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Bill exempting religious groups from campaign reporting gets another shot
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Bill exempting religious groups from campaign reporting gets another shot

Opening Day of the 65th Legislative Session

Sen. David Howard, R-Park City, during the first day of Montana’s 65th Legislative Session at the State Capitol in Helena, Mont in Jan. 2017.

The second coming of a bill exempting religious nonprofits from Montana’s campaign finance reporting requirements won the Senate's endorsement Wednesday, after an earlier version was tabled in the House.

House Bill 689, which was amended by a Senate committee last week to include the language from Senate Bill 162, passed second reading on a party-line vote of 31-19. Its predecessor had similarly passed the Senate in February before it was tabled by a House panel last month.

Democrats have strongly opposed both versions of the legislation, which they say could open the floodgates for dark money to flow into Montana.

“The House was right to kill this bill in the House State Administration Committee, because there are loopholes in it that somebody could drive a yacht through,” Sen. Bryce Bennett, D-Missoula, said.

He argued that political organizations could hide behind a tax-exempt status as a religious group, and use that cover to avoid disclosing donors the way other political committees are required to in the state.

“I can’t imagine there’s folks on your side of the aisle that want to have (Democrat donor) George Soros dumping millions of dollars into this state to defeat you and your party,” he added.

But Sen. David Howard, R-Park City, rejected that argument, saying that the federal government has strict requirements for religious organizations to maintain a tax-exempt designation. Howard sponsored SB 162.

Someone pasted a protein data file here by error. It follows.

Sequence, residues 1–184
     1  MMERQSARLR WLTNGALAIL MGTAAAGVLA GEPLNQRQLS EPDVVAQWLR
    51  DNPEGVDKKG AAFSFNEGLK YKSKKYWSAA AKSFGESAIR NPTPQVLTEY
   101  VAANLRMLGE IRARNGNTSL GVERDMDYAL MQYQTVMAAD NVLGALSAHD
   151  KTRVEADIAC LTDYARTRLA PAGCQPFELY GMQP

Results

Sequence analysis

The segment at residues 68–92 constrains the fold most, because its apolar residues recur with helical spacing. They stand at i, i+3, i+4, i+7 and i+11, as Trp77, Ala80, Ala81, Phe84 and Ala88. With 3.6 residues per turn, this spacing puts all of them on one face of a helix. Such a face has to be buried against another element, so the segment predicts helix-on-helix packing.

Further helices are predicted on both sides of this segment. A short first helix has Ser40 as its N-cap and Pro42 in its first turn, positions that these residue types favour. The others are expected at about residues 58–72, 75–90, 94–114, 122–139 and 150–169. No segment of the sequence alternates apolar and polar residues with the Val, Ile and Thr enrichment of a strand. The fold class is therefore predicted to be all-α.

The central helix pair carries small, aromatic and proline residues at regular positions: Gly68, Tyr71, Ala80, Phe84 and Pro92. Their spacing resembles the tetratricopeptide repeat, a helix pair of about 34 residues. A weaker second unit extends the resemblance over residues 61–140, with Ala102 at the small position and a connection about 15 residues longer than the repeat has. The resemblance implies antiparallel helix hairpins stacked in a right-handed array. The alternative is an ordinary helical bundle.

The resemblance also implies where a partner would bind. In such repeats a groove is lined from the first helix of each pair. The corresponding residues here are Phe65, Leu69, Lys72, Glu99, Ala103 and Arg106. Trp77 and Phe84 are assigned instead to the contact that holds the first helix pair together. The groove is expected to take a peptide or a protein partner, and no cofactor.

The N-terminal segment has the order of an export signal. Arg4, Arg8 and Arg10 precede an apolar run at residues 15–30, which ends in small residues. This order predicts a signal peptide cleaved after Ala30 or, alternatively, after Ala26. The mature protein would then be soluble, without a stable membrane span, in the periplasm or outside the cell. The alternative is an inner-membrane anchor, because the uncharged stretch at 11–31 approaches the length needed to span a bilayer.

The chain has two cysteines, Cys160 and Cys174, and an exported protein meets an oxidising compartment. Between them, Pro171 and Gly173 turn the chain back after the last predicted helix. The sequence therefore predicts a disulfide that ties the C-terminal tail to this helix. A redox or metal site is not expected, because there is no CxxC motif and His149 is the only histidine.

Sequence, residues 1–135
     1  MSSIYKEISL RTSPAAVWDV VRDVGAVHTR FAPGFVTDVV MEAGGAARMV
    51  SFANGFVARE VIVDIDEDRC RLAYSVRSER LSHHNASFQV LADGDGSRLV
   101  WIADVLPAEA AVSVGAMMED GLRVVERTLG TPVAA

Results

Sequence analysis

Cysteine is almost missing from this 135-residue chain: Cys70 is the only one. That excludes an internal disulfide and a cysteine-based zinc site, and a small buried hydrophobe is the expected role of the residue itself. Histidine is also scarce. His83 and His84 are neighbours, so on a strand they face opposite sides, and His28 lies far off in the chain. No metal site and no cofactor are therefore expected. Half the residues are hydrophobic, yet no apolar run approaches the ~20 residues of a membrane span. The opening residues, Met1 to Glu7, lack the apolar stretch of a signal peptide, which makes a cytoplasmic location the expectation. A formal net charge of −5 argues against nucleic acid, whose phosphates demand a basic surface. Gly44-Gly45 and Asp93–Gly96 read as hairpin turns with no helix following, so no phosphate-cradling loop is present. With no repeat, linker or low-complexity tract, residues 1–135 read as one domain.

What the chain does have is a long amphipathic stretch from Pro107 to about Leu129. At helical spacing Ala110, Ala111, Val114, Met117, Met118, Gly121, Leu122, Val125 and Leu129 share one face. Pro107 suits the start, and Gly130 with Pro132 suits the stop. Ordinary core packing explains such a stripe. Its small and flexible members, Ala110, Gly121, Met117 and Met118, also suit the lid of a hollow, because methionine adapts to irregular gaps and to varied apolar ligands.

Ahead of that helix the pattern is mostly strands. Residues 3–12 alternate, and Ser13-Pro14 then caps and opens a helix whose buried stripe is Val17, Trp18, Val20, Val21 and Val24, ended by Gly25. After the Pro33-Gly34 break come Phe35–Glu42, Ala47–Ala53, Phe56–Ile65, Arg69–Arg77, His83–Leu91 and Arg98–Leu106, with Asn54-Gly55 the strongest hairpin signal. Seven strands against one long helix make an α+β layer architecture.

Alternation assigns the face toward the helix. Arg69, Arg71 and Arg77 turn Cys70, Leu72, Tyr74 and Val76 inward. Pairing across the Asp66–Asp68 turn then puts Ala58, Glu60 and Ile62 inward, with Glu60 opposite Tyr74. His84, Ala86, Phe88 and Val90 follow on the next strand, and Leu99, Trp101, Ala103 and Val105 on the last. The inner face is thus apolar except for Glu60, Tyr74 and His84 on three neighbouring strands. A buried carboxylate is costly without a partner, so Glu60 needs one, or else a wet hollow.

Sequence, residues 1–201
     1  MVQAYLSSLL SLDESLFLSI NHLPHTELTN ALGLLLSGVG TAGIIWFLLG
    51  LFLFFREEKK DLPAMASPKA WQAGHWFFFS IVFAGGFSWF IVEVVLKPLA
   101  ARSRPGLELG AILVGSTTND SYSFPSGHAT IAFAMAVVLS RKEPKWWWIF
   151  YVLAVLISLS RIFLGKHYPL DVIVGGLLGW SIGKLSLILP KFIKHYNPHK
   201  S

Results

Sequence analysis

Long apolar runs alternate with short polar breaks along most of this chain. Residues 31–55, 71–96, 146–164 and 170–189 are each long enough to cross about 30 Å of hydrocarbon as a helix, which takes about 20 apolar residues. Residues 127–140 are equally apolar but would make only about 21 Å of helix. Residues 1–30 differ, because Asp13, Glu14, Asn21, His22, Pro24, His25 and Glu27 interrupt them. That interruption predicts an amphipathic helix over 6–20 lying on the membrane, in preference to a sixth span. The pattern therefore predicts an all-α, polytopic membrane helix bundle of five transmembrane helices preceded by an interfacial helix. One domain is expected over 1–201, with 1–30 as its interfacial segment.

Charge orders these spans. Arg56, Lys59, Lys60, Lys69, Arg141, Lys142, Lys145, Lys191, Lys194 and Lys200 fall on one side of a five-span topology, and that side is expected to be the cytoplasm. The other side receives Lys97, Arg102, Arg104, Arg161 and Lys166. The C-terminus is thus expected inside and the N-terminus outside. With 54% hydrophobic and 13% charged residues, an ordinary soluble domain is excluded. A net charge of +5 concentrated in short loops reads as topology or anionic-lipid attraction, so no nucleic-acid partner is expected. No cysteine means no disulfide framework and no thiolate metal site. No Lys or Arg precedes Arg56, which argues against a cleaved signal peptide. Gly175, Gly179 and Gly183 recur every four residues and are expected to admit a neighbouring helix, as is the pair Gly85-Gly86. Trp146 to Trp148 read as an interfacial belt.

“It would be almost impossible, plus the fact is they would instantly lose their nonprofit status if they did that,” he said.

HB 689 was originally tailored narrowly, to require additional reporting requirements for politically active groups that lease space from the Montana University System. That language appears to only apply to the Montana Public Interest Research Group, a liberal nonprofit group that represents Montana college students. That language is still in the bill.

While naming the group would violate legislative decorum, Sen. Steve Fitzpatrick, the Great Falls Republican carrying the bill in the Senate, noted that it would affect an organization at the University of Montana that “participates in ballot campaigns for things such as the anti-mining [ballot] initiative, the marijuana initiative, a couple other initiatives on behalf of, fair to say, liberal, left-leaning organizations.”

MontPIRG maintains an office on the UM campus in Missoula. During a hearing on the bill last week, representatives from the group noted that it is not affiliated with any political party, and argued that the information they would be forced to provide under the bill is already publicly available in reports they submit to the Commissioner of Political Practices.

Rep. Julie Dooling, R-Helena, sponsored the bill in its original form. She argued that the additional reports, which would be submitted to the Legislative Services Division, would increase transparency from a group that leases state-owned office space.

Montana State News Bureau

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